Percolation Threshold on a Square Lattice
Manfred Schroeder touches on the topic of percolation a number of times in his encyclopaedic book on fractals (Schroeder, M. (1991) Fractals, Chaos, Power Laws: Minutes from an Infinite Paradise. Percolation has numerous practical applications, the most interesting of which (from my perspective) is the flow of hot water through ground coffee! The problem of percolation can be posed as follows: suppose that a liquid is poured onto a solid block of some substance. If the substance is porous then it is possible for the liquid to seep through the pores and make it all the way to the bottom of the block. Whether or not this happens is determined by the connectivity of the pores within the substance. If it is extremely porous then it is very likely that there will be an open path of pores connecting the top to the bottom and the liquid will flow freely. If, on the other hand, the porosity is low then such a path may not exist. Evidently there is a critical porosity threshold which divides these two regimes.
This situation can be modelled on a regular lattice where each of the lattice sites is either occupied (with probability p) or vacant (with probability 1-p). This is known as the site percolation problem. The related bond percolation problem can be posed in terms of whether or not the edges between neighbouring sites are open or closed. As we will see there is a well defined range of p (centred on a threshold value pc) for which the probability of percolation decreases rapidly from one to zero.
Creating the Lattice
First we will load a few handy libraries and set up some constants.
Next a function to generate and populate a lattice, which takes as arguments the width of the lattice and the occupation probability.
Visualising the Lattice
In the text representation of the lattice the occuppied sites are represented by a 1, while a 0 indicates a vacant site.
A graphical representation makes things a lot clearer.
Flow Through the Lattice
Now we need to check for flow through the lattice. We will use a recursive depth first search. Everything goes into a single function. The first argument is the grid. The second and third (optional) arguments are the row and column indices for a particular cell in the grid. If the latter arguments are omitted then the function loops through each of the cells in the top row of the grid. If a particular cell is specified, and it is not already occupied, then it is marked as being part of a flow path. The function then recursively considers each of the nearest neighbour cells.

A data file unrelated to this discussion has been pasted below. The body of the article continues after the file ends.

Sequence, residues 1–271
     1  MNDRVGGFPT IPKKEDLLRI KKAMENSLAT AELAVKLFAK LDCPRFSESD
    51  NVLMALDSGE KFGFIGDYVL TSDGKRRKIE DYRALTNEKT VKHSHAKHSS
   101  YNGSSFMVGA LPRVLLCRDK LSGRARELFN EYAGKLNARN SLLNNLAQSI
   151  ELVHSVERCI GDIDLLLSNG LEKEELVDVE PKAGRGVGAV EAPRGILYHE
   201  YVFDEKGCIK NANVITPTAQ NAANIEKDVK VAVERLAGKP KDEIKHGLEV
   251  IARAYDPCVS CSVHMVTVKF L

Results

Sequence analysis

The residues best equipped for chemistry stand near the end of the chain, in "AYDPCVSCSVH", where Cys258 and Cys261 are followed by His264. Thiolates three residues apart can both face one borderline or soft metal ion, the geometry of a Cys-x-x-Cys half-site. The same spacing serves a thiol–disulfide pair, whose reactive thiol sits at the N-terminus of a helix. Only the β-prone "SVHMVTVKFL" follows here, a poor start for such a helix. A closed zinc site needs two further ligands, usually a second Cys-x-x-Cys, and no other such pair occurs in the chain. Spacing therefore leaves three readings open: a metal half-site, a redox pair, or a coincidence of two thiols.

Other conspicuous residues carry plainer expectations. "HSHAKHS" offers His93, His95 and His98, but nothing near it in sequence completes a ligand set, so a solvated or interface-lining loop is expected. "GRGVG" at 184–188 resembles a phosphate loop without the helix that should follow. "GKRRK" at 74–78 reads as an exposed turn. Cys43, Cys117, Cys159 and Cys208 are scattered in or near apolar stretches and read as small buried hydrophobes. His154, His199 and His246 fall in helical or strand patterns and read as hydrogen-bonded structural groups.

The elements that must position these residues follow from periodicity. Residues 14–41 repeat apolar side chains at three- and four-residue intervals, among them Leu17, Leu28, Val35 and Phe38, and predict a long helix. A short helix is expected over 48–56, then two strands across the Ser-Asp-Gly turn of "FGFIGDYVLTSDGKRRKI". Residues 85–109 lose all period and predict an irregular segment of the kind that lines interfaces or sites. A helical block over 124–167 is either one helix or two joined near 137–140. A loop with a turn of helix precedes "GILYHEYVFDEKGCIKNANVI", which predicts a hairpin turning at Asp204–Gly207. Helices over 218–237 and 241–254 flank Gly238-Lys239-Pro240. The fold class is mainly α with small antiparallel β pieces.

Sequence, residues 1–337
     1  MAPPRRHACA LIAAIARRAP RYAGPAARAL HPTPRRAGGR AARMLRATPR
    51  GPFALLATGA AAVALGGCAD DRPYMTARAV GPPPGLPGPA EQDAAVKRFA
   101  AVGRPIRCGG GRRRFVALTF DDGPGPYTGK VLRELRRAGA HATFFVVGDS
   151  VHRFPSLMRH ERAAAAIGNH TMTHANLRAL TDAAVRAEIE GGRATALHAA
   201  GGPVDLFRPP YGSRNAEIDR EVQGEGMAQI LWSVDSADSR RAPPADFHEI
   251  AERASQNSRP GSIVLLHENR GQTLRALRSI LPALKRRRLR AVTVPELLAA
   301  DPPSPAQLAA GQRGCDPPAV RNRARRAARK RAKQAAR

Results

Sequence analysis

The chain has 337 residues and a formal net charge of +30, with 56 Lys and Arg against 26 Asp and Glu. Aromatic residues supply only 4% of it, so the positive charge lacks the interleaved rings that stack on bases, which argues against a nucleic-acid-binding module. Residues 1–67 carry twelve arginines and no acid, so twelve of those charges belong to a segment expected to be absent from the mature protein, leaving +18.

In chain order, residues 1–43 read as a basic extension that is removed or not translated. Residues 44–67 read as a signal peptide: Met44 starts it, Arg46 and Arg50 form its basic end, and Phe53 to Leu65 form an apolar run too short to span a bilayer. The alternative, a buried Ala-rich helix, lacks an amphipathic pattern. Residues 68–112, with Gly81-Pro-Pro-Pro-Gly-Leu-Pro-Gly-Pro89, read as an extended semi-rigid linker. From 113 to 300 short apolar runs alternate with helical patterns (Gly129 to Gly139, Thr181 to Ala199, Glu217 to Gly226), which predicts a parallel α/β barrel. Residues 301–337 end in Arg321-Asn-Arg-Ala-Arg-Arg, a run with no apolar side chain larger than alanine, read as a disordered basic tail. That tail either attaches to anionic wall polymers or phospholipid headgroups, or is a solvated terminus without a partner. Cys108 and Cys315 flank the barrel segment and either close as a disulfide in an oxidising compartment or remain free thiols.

The flow path can then be visualised.
The grid on the left does not percolate while the one on the right does.
Checking for Percolation
Finally we can determine whether a given grid percolates by checking whether or not the flow makes it to the bottom of the grid.
Finding the Percolation Threshold
Finding the percolation threshold is a little numerically intensive, so it makes sense to take advantage of parallel execution.
We define some parameters for the calculation: the dimensions of the lattice and the number of replicates for each value of the occupation probability, p.
Although we will be considering the full range of possible values for p, it makes sense to focus our attention on those values closer to the threshold. For each value of p we randomly generate a number of grids and check whether or not each one percolates.
Summary statistics are then compiled to give the percolation probability as a function of p.
A logistic model is fitted to these data and the threshold value for p is estimated.
That compares pretty well with the reference results for the 44 square lattice.
Finally, all of this is put together in a plot.